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Dawn Bennett, Host of Radio Show "Financial Myth Busting," Interviews Dan Bongino, Former Secret Service Agent and Author of "Life Inside the Bubble"

Dawn Bennett, host of radio show "Financial Myth Busting," recently interviewed Dan Bongino, a former Secret Service agent and author of "Life Inside the Bubble." In this interview, he discusses the recent actions of the Obama administration regarding the terrorist attacks that recently took place in Paris, and more.


Wasington, D.C. -- (ReleaseWire) -- 01/23/2015 --Dan Bongino was a decorated Secret Service agent, serving under three administrations. He began his career in the New York field office as he was assigned to federal crimes, and then in 2006 Daniel entered into duty on the elite Presidential Protection Division in the administration of President George W. Bush. Dan is also the author of Life Inside the Bubble, a New York Times bestseller which is an intimate look at life inside the presidential "bubble," a haze of staffers, consultants, cronies, acolytes, bureaucrats and lobbyists that creates the "alternate reality" in which monumental policy decisions are made.

BENNETT: This past Sunday, fifty-plus world leaders joined the French people in a unity rally decrying terrorism and the attacks that happened in Paris recently. These were the leaders of some of America's most important allies, and yet the President of the United States wasn't present. In your opinion, was Obama too busy watching football last Sunday, or is it actually something deeper than that? Obama continues to assert that terrorism is wholly unrelated to Islam, that groups violent extremists that self-identify as Muslin don't represent true Islam. He always seems to back off in times like this. What's your opinion on that?

BONGINO: Well, there's only a couple of explanations from this having spent significant amount of time behind the 18-acre White House complex. One of them is they were either caught by a surprise, which I, let me just say in advance, I highly doubt, or secondly, they weren't caught by surprise and just didn't want to go. The fact that he blames security—well, actually (White House Press Secretary) Josh Earnest did it for him and said, well, the Secret Service would have required public access to be limited—you know, it was all nonsense. That area was segregated off anyway due to the presence of Netanyahu and Abbas from Israel and the Palestinian Authority respectively. It was really disingenuous and it says to me they didn't want to go and they just didn't expect a backlash. The thing with the Obama administration, I find, which is the most disturbing on a number of levels is they make these really terrible decisions based on ideological leanings, then they turn around and they blame other people for it, innocent parties, and in this case, a party of people willing to give their lives for. I mean, it is really disturbing when you think about it.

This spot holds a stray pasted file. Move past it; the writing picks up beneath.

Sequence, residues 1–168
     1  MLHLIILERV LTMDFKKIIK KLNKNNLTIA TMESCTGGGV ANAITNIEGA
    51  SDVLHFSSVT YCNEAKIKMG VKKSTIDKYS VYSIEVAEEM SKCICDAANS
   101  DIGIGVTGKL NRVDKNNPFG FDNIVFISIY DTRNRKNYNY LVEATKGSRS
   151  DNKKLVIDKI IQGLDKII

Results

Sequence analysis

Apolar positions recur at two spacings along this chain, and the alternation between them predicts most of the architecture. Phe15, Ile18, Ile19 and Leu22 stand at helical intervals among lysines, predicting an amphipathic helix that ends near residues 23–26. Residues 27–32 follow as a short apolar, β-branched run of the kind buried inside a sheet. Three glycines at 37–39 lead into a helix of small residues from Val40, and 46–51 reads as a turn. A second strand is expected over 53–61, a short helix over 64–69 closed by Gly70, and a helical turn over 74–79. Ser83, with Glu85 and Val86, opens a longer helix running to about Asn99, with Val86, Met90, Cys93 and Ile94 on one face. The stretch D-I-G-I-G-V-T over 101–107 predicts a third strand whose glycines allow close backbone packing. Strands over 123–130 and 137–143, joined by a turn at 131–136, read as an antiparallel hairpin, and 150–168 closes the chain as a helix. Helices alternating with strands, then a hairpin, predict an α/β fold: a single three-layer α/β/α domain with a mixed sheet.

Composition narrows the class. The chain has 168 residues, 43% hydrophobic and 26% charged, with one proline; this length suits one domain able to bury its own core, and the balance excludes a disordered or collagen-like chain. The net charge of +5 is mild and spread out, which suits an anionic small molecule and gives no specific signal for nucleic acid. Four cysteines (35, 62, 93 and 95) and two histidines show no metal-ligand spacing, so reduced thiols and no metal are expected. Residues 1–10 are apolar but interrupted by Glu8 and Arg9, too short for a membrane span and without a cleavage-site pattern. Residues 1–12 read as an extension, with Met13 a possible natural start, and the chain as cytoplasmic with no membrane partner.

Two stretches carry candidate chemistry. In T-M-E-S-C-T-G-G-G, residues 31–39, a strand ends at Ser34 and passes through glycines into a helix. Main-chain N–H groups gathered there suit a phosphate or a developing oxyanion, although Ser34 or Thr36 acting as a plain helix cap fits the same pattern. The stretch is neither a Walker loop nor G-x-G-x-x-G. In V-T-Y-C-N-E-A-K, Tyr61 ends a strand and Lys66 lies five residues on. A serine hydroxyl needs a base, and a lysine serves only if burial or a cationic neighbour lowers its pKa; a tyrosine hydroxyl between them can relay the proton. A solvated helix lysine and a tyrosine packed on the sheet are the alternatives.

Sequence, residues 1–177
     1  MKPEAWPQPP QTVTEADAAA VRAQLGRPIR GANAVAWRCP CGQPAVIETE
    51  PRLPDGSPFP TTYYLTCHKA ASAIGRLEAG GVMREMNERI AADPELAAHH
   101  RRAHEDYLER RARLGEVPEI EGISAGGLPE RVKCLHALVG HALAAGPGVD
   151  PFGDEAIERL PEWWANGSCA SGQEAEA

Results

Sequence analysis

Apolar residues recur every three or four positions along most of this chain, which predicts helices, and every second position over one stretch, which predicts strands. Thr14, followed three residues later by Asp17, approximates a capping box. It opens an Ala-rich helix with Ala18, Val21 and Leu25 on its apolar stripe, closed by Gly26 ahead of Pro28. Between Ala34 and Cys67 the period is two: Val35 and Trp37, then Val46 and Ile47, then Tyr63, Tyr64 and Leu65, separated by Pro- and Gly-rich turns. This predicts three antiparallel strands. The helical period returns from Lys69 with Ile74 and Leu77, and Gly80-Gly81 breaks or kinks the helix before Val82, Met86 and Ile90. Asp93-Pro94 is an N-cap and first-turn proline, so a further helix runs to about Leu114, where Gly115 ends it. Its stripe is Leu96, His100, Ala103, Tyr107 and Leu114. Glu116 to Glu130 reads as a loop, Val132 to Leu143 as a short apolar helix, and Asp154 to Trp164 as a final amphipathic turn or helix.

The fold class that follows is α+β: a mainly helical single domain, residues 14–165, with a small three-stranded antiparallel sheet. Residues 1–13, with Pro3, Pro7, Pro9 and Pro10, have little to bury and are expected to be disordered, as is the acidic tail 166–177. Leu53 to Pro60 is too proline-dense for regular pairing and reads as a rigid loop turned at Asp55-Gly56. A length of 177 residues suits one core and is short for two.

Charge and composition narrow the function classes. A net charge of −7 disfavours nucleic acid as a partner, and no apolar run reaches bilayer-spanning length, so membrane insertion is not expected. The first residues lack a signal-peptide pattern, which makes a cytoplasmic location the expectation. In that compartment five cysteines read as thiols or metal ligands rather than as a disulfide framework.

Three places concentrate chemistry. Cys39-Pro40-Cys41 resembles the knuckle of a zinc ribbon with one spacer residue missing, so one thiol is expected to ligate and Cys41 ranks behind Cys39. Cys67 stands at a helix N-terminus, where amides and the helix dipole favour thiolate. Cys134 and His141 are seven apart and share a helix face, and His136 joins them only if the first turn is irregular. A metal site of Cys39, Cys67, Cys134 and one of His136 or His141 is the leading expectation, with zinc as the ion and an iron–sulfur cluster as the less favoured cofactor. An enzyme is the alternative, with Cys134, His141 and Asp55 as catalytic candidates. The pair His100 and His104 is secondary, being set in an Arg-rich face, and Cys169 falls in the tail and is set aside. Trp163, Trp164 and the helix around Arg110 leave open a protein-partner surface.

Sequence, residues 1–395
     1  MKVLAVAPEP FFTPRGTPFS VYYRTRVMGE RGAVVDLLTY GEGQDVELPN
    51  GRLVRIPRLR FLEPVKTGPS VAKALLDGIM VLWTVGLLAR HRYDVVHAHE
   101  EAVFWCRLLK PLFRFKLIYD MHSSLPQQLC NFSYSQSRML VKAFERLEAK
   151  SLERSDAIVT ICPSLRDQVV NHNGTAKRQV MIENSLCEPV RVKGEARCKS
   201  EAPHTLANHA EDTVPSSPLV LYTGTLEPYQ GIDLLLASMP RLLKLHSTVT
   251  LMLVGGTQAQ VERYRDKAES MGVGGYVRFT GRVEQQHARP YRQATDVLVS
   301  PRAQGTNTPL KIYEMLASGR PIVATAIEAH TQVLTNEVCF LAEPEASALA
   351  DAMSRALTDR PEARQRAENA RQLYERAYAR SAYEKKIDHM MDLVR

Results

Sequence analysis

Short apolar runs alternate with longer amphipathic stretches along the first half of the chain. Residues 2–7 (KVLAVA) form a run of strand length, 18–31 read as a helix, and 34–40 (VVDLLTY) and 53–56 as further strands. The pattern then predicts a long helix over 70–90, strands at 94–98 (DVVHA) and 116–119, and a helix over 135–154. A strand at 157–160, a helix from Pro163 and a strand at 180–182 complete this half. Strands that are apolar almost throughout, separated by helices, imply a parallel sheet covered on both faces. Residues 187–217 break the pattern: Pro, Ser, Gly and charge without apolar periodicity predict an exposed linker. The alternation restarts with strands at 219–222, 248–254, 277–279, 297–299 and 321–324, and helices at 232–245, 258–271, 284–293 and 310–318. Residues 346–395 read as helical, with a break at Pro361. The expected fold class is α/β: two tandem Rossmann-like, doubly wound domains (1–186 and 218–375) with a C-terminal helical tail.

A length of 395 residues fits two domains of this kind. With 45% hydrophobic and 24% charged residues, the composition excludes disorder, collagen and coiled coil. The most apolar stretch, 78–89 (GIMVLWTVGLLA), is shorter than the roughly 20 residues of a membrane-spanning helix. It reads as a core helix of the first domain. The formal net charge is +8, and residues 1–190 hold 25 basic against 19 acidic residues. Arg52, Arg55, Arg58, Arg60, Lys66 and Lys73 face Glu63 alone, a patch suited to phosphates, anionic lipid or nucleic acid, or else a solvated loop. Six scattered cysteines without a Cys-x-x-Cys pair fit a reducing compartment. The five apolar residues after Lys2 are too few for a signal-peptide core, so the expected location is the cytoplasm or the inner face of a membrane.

BENNETT: So you do think it's actually deeper than just he wanted to watch football. You think it was actually related to his beliefs about Islam?

BONGINO: No, I just don't think he wanted to go. I think sometimes, having worked with this administration and their staffers, I really just think he didn't want to go. Like other people would say, how can he go out on the golf course, especially as this summer he did with the beheading speech and went out five minutes later, he was on the links. I think we give the President sometimes too much credit. He just doesn't want to go! Now, I don't know what's more disturbing to the American people. The fact that he is the president of the United States and doesn't want to act like it, or the fact that he's the president of the United States who has an ideological belief systems so contrary to what America stands for. They're both equally disturbing to me, so I don't really know, and I hate to render an uneducated opinion. I just don't think he wanted to go and that was it.

BENNETT: Doesn't he have handlers to keep him straight and make sure that he understands the ramifications of his decisions?

BONGINO: Well, yes and no, and that's the answer I had the most. I do radio myself, whenever someone says that, I want to flinch. But in this case, yes, he has handlers, and no, they don't keep him straight. They all have handlers. Bill Clinton had Dick Morris, Bush had Karl Rove. They always have people out there who try to keep them straight. But the problem with keeping the president straight is they've got to want to be straight.


BONGINO: He has a handler, Valerie Jarrett, who just shares the exact same ideological belief structure, and their attitude is, 'We won, kiss off, we're going to do what we want. And, you know what? We know the press is going to cover for us so who cares.' I mean, really, think about this. Your listeners need to really take this in. What has been the penalty for this president for anything he has done?

BENNETT: Nothing.